UN Ocean Conference ends with call for greater ambition and global commitment to address dire state of the Ocean |

Found past “collective failure” in the Conference’s final statementWorld leaders call for greater ambition to ensure that the dire state of the oceans is addressed, and frankly admit to being “deeply alarmed at the global emergency facing the oceans.” “.

At the closing ceremony, the UN Secretary-General for Legal Affairs, Miguel de Serpa Soares, commended the co-hosts – Portugal and Kenya – for the enormous success of the conference.

“[The Conference] gave us opportunity to unpack important issues and generate new ideas. It also clarifies the work that remains, and the need to scale that work up to restore our oceans,” said Serpa Soares, adding that what is needed now is to turn the tide. .

More than 6,000 delegates, including 24 Heads of State and Government, and more than 2,000 representatives of civil society attended the Conference, advocating for urgent and concrete actions to tackle the ocean crisis. .

Collective failure

Realize a “Collectively failed to achieve Ocean-related targets” hitherto, innovation leaders committed to urgent action and cooperation at all levels to fully achieve the goals as soon as possible.

Among the What are the challenges facing the Ocean? These are coastal erosion, sea level rise, warmer and more acidic waters, marine pollution, overexploitation of fish stocks and reduced marine biodiversity.

Acknowledging that climate change is “one of the greatest challenges of our time”, and that it is necessary to “act decisively and urgently to improve health, productivity, sustainable use and resilience of the oceans and its ecosystems”, leading politicians in Lisbon stressed that innovative and science-based actions, along with international cooperation, are essential. needed to provide the necessary solutions.

Calling for transformative change, leaders emphasized the need to address the cumulative effects of a warming planet on the oceans, including ecosystem degradation and the extinction of oceans. species.

Reconfirm commitments

Reaffirming that the ocean is fundamental to life on our planet and for our future, the signatories stress the special importance of implementing Paris Agreement of 2015 and of last November Glasgow Climate Pact to help ensure the health, productivity, sustainable use and resilience of the oceans.

“We are committed to preventing and reversing the decline in the health of the ocean’s ecosystems and biodiversity, while protecting and restoring its resilience and ecological integrity.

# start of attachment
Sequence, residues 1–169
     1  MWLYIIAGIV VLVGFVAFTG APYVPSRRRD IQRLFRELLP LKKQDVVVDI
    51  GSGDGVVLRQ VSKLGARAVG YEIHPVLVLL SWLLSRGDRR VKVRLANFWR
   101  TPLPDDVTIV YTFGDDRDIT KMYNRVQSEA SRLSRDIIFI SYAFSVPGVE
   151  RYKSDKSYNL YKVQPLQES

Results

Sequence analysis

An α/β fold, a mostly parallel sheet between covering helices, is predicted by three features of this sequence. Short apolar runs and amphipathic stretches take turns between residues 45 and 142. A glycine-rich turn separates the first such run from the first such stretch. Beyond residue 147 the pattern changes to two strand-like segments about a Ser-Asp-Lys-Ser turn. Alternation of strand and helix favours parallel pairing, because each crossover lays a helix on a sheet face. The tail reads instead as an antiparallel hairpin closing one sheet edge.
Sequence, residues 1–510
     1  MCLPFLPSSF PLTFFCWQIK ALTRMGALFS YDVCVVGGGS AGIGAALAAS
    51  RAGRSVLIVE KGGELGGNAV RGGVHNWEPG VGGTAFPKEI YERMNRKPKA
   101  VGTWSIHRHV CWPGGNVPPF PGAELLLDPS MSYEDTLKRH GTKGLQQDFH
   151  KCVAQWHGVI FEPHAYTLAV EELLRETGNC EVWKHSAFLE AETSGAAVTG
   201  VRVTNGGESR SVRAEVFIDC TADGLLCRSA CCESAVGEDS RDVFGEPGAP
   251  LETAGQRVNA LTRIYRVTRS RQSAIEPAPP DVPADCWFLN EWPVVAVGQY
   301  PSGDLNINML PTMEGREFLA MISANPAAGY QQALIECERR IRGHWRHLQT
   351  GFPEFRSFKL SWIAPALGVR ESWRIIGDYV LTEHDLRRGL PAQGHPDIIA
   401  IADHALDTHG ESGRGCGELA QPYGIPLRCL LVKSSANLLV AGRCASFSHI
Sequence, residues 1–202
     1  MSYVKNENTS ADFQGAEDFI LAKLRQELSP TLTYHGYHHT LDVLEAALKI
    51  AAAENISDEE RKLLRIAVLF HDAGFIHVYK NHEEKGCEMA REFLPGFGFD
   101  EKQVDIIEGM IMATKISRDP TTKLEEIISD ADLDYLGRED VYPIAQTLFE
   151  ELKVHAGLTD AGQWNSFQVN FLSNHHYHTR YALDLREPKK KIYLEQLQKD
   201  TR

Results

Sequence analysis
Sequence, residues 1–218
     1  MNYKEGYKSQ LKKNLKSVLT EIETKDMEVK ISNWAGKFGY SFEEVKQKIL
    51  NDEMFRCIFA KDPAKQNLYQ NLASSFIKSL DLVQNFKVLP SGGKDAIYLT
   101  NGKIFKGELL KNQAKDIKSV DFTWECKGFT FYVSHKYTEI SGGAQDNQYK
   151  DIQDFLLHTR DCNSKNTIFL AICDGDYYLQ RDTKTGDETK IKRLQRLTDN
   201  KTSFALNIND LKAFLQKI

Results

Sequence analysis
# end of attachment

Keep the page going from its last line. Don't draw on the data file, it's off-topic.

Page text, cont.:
Voluntary commitments include:

  • The Protect Our Planet Challenge will invest at least $1 billion to support the creation, expansion and management of marine protected areas by 2030.
  • The European Investment Bank will extend an additional EUR 150 million to the Caribbean as part of its Clean Oceans Initiative to improve climate resilience, water management and solid waste management.
  • Portugal is committed to ensuring that 100% of the marine area under Portuguese sovereignty or jurisdiction is assessed as in a Good Environmental State and classifies 30% of its national marine areas by 2030.
  • Kenya is currently developing a national, inclusive and multi-stakeholder green economic strategic plan. Kenya is also committed to developing a national action plan on marine plastic waste.
  • India is committed to the Coastal Clean Seas Campaign and will work towards a ban on single-use plastics.

“We call for a global post-2020 biodiversity framework that is ambitious, balanced, practical, effective, robust and transformable,” continued the Lisbon statement.

A healthy and restorative marine environment is the cornerstone of climate regulation and sustainable development, with the potential to produce food and energy for billions of people.

At the conference, more than 150 member countries have made a voluntary commitment to conserve or protect at least 30 percent of the global ocean in Marine Protected Areas and other effective area-based conservation measures by 2030.

“I am very impressed by the new commitments [countries made]Serpa Soares spoke at the closing ceremony, adding that “commitments must be made with speed and monitored”. Some examples include:

  • Protect or exceed 30% of national waters by 2030
  • Achieving carbon neutrality by 2040
  • Reduce plastic pollution
  • Increase use of renewable energy
  • Allocate billions of dollars for ocean acidification research, climate resilience projects, and monitoring, control and monitoring

Beyond 2030

The United Nations Decade for Ocean Science for Sustainable Development (2021-2030) to achieve the science we need, for the ocean we want.

With a mission to generate and use knowledge for the transformational actions needed to achieve a healthy, safe and resilient ocean for sustainable development by 2030 and beyond, Intergovernmental Oceanographic Commission (IOC) of the United Nations Scientific, Educational and Cultural Organization (UNESCO) is driving development for the Decade of Action.